North Carolina Newspapers is powered by Chronam.
The Gui Ifordi an Mk
Published, weekly during the collegiate year by
the students of Guilford College rawiftm
Editor-in-Chief Douglas Kerr
Managing Editor Carolyn Newlin
Associate Editor Alvin Jaffee
News Editor Bill Baldwin
Sports Editor Lee Jacobson
Sports Staff Bob Hiatt
Business Manager Lee jacobson
Staff Members Ann Cox, Woody Finley, Craven Mackie,
Andy McGlamery, Clara Montgomery, Gloria Shaw, Nancy Davis,
Andrea Rogin, Claudette Belton
Exchange Editor Carolyn Robertson
Circulation Manager Leona Schmid
Circulation Staff Louise Beasley, Frank Brown, Dorcas White
Art Editor Craven Mackie
Faculty Advisor Jackson Burgess
With this, the first issue of the Guilfordian under my editorship, I
would like to express to the student body my appreciation for being
elected to this post and to assure both students and faculty of my ambi
tion to keep the Guilfordian on as high a level as the oldest and best
traditions of the college. ,
The realization of the fact that there was no opposition for the
position of editor, which was awarded me on a yes-no ballot, is a good
starting point for the setting forth of a policy for the Guilfordian which
will attempt to:
1. Promote better school spirit. This pertains not only to sports, but
to the active support of your student government officers, and the
willing acceptance of responsibility toward all student activities.
2. Eliminate the age-old, stereotyped problem of "Student Body versus
Administration," and substitute a smooth-running plan which will
insure just rights for both students and administration.
3. Use the Guilfordian as a median through which students may voice
their constructive criticisms with the assurance that their opinions
will be taken note of and weighed in the balance.
It is not the wish of the editor that every minor issue which arises
be emblazoned in white heat letters across the pages of the Guilfordian,
but whenever the cause is justified, to support with vigor any campaign
which might better the school.
f d Like to See . . .
. . . more activities centered in and especially for the individual
classes. By such activities class spirit might be instigated which in turn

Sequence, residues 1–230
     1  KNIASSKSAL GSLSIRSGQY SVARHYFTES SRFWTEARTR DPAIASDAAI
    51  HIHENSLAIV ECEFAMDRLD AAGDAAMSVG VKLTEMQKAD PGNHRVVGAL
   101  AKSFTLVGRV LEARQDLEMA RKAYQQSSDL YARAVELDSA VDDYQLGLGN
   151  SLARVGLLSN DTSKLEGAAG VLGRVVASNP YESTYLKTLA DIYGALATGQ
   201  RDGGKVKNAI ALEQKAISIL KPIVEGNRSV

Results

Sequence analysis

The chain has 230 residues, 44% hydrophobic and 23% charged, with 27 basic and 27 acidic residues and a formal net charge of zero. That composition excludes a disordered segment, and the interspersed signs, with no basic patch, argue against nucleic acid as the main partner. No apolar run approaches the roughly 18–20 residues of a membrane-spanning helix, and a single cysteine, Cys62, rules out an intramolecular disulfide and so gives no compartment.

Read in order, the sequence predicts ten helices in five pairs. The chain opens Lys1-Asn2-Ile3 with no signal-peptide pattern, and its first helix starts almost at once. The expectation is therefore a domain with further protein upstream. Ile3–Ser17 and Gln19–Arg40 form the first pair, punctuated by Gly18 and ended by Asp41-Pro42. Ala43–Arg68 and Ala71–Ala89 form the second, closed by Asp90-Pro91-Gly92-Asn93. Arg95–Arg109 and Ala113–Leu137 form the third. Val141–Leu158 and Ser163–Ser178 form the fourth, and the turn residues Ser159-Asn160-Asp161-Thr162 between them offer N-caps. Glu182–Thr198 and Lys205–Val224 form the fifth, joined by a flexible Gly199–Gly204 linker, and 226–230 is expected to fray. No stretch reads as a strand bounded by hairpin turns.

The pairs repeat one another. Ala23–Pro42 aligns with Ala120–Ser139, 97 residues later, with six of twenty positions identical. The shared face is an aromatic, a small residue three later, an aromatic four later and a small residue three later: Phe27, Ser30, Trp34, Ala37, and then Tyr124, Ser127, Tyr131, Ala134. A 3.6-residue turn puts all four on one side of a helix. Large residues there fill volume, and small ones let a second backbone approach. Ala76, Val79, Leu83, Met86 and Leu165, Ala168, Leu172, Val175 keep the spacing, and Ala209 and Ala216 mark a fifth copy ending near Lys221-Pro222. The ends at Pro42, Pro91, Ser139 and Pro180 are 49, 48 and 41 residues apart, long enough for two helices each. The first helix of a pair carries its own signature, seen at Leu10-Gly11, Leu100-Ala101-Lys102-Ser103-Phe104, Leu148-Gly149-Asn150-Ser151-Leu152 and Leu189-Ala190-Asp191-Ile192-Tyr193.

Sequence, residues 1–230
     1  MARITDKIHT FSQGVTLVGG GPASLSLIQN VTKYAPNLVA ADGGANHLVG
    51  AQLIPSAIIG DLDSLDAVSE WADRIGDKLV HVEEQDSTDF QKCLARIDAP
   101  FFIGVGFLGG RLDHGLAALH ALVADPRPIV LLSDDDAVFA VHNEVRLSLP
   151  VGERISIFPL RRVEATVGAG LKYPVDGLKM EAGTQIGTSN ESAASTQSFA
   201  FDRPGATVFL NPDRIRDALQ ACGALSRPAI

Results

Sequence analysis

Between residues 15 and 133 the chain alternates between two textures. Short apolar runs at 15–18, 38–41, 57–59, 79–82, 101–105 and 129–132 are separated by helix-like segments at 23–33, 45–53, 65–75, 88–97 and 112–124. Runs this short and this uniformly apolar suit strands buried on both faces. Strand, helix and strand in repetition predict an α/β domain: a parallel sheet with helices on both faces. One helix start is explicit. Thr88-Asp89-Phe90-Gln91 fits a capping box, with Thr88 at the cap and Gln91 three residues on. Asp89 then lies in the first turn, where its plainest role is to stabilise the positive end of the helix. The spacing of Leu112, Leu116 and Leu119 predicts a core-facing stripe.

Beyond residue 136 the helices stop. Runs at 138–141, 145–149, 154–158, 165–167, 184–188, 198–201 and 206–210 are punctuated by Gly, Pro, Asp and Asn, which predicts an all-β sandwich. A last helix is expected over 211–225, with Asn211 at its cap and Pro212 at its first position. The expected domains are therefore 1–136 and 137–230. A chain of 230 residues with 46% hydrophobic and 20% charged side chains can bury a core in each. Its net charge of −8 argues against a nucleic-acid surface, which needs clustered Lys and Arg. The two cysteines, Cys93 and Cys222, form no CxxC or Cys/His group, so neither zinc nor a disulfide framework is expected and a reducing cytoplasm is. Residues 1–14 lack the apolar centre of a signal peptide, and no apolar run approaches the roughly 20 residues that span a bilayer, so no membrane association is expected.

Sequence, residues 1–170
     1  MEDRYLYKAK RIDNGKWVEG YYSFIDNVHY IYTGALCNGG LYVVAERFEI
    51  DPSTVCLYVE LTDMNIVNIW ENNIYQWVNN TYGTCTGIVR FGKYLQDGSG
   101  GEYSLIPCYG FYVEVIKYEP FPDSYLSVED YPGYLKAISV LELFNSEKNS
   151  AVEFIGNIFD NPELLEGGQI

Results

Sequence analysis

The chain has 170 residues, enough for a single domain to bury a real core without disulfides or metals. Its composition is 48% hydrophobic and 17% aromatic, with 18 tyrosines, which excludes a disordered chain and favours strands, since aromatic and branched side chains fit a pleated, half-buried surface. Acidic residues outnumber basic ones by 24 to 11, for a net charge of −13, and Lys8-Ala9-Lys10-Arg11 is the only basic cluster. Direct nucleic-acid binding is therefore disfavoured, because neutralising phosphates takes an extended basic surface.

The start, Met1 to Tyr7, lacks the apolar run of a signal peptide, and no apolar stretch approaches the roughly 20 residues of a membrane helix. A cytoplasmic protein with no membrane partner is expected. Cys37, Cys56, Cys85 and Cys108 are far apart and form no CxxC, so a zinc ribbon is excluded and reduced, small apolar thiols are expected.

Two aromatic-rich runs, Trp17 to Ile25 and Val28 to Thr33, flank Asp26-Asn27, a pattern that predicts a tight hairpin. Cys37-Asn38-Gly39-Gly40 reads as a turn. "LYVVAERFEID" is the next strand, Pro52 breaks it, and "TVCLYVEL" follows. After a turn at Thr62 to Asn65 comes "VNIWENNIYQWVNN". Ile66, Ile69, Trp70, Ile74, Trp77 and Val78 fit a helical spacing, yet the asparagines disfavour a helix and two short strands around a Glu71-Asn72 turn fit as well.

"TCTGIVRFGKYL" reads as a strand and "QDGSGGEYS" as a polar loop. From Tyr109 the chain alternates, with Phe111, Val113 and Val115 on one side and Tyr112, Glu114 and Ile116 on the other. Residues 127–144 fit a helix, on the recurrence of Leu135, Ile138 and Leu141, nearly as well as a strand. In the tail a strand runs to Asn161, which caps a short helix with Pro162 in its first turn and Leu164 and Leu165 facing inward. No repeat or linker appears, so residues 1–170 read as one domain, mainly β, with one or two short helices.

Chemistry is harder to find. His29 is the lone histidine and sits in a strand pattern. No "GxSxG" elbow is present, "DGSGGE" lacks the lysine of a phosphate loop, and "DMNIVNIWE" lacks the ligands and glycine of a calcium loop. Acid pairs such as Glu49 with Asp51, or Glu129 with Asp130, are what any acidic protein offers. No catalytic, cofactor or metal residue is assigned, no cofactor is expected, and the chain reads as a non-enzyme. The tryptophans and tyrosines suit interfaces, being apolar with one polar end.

would lead to overall school spirit.
. . . more interest by more students in campus activities.
. . . better food in the chow hall.
. . . anybody or any school which can boast of as good an Honor
System as the one at Guilford College.
. . . less rubbish on the campus.
. . . more English majors take an active interest in The Guilfordian.
... a journalism class offered at Guilford to qualify students for
responsible positions on student publications.
. . . less studying and more attention paid while at chapel.
. . . more agreement among professors as to the time which students
must spend waiting for instructors who are not on time for class.
. . . more appreciation for the Student Union shown by the students
and less restrictions imposed by the faculty upon use of the Union.
. . . the Student Affairs Board continue to succeed.
. . . grades posted more quickly at the end of quarters and semes
. . . more special activities on campus during the weekend.
. . . more reverence shown during grace at the evening meal.
. . . more Guilfordiaris in the rooms of the dorms and fewer in the
. . . more support of spring sports activities.
. . . more letters to the editor expressing opinions and criticisms
(which includes praise as well as condemnation). — P.D.K.
TO THE -JfciKS
The GUILFORDIAN welcomes letters on
any subject. Name and position of the
writer must be included but will be
withheld "upon request. Letters should
not exceed 200 words and should be
dropped in the door slot of the GUIL
FORDIAN office in the Student Union by
the Saturday preceding publication. Edi
tors right reserved.
At the urging of a rather large
number of students in residence
on the Guilford campus, I am writ
ing to complain, not about the
amount or kinds of food which
could undergo a large amount of
improvement, but about the seba
ceousness or lardaceousness of the
food. In short, the food is abomin
ably greasy and quite distasteful.
It is rather trite to merely say,
"food is greasy," but I have lived
in foreign countries, in states from
Maine to California, have attended
both private and public schools,
and have never encountered such
"food" as I have been served here
Perhaps this grease is necessary
from the economical viewpoint,
since "it is too expensive to buy
materials, such as paper toweling,
to de-grease the bacon," for in